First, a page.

Coalition of Jewish Leaders Backs Child Victims Act, Demand End to New York’s Statute of Limitation

By Reuven Blau
New York Daily News
April 29, 2016

Chaim Levin, of the anti-abuse group Kol Voz, wants "to give people the power of the court to hold their abuser accountable.”

A coalition of more than 130 Jewish leaders now back the Child Victims Act which would eliminate the statute of limitation in New York — allowing countless child sex abuse victims to seek justice as adults

The show of support on Thursday comes just days before advocates of the bill plan a two-day lobbying effort in Albany to win passage of the long-languishing legislation.

“After decades of denial, coverups and darkness across New York State, light is finally being shone on the scourge of child sexual abuse,” read the petition signed by scores of high-profile leaders.

“The lasting and far-reaching damage caused by abusers is intolerable, and it is incumbent upon all the citizens of New York State to work to reduce it.”

The writers also acknowledged the role played by religious institutions in blocking the legislation in past years.

Former Manhattan Borough President Ruth Messinger (seen with Cardinal Donald Wuerl, archbishop of Washington, in September 2015) is among those signing the petition.

Agudath Israel of America, an umbrella group representing Orthodox Jewish groups, joined the Catholic Church in successfully lobbying to derail the proposed law.

The bill was first introduced a decade ago by state Assemblywoman Margaret Markey (D-Queens), and has failed to pass in four previous tries.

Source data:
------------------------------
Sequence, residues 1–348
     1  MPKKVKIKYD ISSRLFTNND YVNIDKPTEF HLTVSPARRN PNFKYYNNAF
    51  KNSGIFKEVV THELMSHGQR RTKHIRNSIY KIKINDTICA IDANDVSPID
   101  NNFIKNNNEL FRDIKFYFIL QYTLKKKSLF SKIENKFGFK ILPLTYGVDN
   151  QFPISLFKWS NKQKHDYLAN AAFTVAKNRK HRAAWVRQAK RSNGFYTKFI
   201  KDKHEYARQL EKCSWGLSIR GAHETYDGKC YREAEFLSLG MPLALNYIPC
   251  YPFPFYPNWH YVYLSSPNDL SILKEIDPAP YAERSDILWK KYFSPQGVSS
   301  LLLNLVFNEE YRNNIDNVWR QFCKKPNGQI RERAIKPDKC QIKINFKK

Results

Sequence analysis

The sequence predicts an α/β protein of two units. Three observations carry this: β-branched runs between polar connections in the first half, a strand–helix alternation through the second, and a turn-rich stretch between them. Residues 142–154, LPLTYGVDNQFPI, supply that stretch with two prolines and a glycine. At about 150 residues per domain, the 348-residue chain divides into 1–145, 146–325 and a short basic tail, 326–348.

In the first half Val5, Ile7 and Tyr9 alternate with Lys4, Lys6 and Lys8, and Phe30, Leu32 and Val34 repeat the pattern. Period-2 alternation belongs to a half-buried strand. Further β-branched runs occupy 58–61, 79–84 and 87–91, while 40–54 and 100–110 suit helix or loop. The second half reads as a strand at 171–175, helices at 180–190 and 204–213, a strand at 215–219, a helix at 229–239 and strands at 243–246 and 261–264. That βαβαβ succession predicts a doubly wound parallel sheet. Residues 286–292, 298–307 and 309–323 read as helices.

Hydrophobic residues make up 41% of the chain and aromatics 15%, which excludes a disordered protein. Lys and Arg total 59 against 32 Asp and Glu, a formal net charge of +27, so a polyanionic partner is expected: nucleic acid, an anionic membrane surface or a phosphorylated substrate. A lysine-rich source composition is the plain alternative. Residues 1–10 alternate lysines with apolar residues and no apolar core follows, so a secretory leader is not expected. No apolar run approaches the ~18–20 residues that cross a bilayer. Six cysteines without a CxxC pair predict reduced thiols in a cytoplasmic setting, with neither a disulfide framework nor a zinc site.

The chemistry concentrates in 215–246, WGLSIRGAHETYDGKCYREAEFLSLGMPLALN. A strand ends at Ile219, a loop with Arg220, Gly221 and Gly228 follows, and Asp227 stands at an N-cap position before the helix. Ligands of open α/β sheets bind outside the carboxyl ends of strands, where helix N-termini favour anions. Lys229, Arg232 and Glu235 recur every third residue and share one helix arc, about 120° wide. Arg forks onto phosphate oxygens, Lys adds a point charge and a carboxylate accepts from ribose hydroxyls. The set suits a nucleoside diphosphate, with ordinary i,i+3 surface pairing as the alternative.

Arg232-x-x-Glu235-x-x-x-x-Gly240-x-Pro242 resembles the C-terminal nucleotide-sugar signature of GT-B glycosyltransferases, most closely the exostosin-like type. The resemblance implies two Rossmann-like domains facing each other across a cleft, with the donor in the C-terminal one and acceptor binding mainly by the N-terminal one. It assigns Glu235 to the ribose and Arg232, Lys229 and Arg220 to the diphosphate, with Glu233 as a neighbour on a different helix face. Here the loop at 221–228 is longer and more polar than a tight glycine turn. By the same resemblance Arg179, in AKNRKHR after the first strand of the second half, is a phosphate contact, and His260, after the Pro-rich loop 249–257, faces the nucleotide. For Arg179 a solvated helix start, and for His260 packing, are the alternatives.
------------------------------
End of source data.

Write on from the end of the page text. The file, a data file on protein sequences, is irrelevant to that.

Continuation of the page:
Nine Jewish organizations are planning a trip to Albany to add their voices to the chorus supporting a change in the law on Tuesday and Wednesday.

“The most exciting thing about it is the range of voices — from right wing Orthodox to left-wing, secular Jews and everything in between,” Rabbi Ari Hart said.

Queens Assemblywoman Margaret Markey (second from left) introduced the bill a decade ago.

Among those signing the petition were close to 100 rabbis and former Manhattan Borough President Ruth Messinger.

“We need to demonstrate that some large groups who oppose this bill don’t speak for everyone,” said Chaim Levin, 26, of the group Kol Voz — a new global organization attempting to combat abuse in Jewish communities.

“We want to show our lawmakers that the Agudath does not represent everyone,” the Crown Height resident continued. “One of the most important parts of dealing with abuse is to give people the power of the court to hold their abuser accountable.”

Current New York law gives the victims up until the age of 23 to seek recourse in the court system — although many victims need years to deal with their abuse, and miss the deadline.









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